Milk is a staple in most people’s diets, whether it’s a tall, cold glass on its own, or in a bowl of cereal. Milk usually has about 8 grams of protein in a cup, both regular and soy. Be careful with soy milk: there is a controversy amongst soy milks, organic or not. There is conflicting research that regards its effects on cancer, whether it helps cause or prevents cancer from forming. Buying non-GMO, organic, unsweetened soy is suggested to avoid this controversy.

Additional Inspiration

Bembu

Spark People

One Green Planet

Greatist

Health.com

Protein is found in many different foods and can be consumed in so many various ways that it shouldn’t be a concern if you have the capability to do so. Doing the appropriate research should not be daunting whatsoever – in fact, it will surprise you how many common ingredients you probably already consume that contain protein. So don’t fear, vegans and vegetarians, there’s plenty of things to eat and more!
Image: Foodies Feed

SpotlightYouth Spotlight

When we met Andrew O’Neill at the Congressional Award Gold Ceremony in 2014, we were impressed by what he had accomplished to earn his Gold Medal and were interested in learning more about him. Inspired by combining technology and outdoor leadership, Andrew attended Green Mountain College and majored in Adventure Education and Youth Development and Camp Management.

Andrew has put to good use the skills he’s learned in various endeavors, whether he’s building websites and creating a food program, working as a camp manager, editing videos, or learning a new language. Andrew’s curiosity is limitless, and he explores his interests and follows his heart. Read on to learn more about the different projects Andrew is involved in, his top three tips for learning a new language, and the advice he’d give his younger self.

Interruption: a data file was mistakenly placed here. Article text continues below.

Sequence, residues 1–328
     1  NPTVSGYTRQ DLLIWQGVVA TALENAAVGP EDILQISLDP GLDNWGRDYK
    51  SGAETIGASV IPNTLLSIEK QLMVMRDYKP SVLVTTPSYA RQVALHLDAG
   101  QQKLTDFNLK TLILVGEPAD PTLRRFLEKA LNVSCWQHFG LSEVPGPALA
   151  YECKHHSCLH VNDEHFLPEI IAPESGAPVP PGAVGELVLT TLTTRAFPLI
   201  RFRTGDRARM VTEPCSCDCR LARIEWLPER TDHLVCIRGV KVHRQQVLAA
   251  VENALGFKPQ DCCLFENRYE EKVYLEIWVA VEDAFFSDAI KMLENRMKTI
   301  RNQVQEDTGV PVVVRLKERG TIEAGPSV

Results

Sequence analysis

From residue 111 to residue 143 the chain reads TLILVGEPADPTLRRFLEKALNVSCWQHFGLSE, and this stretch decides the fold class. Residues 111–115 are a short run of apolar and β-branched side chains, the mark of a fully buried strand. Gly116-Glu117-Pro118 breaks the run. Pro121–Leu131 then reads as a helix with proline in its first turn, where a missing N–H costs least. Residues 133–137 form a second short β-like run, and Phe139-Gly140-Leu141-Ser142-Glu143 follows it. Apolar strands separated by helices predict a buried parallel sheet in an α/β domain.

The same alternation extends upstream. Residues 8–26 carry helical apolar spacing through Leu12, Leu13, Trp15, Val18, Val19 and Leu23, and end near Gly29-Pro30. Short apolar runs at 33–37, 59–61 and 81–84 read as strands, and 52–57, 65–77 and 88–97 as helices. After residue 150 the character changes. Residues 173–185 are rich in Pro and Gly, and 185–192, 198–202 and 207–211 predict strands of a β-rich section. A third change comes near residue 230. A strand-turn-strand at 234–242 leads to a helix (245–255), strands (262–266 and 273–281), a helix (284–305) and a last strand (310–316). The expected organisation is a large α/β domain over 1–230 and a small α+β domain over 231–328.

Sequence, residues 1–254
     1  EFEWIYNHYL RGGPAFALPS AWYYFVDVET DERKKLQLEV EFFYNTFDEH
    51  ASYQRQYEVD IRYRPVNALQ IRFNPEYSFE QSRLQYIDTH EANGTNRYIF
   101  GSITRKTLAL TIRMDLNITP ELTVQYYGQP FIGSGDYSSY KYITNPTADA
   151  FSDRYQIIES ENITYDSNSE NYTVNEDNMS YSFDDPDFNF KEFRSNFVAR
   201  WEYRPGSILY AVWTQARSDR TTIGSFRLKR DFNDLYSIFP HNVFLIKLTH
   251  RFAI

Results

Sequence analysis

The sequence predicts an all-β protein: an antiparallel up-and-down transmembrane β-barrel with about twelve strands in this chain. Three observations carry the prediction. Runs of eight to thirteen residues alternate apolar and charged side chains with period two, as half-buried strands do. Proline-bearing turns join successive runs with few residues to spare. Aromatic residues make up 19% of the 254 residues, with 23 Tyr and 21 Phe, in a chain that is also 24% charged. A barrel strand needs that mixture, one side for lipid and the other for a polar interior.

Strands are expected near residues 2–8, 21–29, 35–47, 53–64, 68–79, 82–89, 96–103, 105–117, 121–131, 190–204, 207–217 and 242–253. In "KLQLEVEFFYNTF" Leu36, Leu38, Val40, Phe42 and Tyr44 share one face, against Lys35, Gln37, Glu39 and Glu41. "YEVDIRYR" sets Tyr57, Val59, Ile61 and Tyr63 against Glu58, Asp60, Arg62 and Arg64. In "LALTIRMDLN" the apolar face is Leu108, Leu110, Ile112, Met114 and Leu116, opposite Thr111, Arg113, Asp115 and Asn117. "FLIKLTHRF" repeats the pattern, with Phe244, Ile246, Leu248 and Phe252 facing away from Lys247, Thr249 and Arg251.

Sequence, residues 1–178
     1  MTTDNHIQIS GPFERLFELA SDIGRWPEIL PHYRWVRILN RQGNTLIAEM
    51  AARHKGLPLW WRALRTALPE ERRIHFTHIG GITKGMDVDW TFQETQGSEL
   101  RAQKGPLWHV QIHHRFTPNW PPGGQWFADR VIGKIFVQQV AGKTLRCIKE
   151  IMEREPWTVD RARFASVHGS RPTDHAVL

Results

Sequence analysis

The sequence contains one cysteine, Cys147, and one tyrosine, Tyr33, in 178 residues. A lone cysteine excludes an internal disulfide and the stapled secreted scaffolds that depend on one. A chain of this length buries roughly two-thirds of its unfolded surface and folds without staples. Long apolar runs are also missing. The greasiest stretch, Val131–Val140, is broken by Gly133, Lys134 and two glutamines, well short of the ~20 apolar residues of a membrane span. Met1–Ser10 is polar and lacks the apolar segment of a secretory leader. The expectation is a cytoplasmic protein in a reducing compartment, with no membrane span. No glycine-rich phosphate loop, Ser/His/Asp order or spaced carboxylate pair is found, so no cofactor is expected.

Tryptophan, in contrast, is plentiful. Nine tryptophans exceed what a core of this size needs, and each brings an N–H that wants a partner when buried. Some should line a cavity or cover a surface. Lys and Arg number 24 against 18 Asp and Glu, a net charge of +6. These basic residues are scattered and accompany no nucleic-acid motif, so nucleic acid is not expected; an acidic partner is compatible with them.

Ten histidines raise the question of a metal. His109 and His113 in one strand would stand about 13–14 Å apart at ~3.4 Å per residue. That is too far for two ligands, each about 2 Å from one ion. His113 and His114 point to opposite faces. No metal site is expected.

Name: Andrew O’Neill
Education:
Double Major in Adventure Education and Youth Development and Camp Management (YDCM) at Green Mountain College
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Carpe Juvenis: How do you define “Seizing Your Youth”?

Andrew O’Neill: Young adults have a tendency to be afraid to dream big. Seizing your youth means taking chances toward your current dreams at any age.

CJ: You double majored in Adventure Education and Youth Development and Camp Management (YDCM) at Green Mountain College. How did you decide what to study?

AO: I took a two week-long canoe trip in the Canadian wilderness, and I thought it would be cool to follow a career path similar to the guides on that trip. At the time, I knew I was highly interested in the realm of technology and computers as a potential career, but I did not like the thought of being stuck inside all the time at a computer. I was inspired by the life that the guides on the canoe trip enjoyed that I looked into schools that specialized in outdoor leadership.

CJ: What cause or issue do you care greatly about and why?

AO: I have strong feelings towards the practice of factory farming. As a lifelong vegetarian, I have continued to learn and become more passionate about the abuse of farm animals at these farms and the negative health and environmental issues that this practice is causing on the planet. The way we are treating the animals that we are eating, which we should not be at all in my opinion, has a direct influence on how we are treating each other as humans. I believe that the brutality of factory farm operations correlates to why there are so many horrible acts of war currently happening in our society. I am extremely passionate about this subject and have created a website, ameatfreemonth.org, which aims to provide anyone with a free healthy 30 day vegan eating program to help steer them away from the addictions of eating animal products.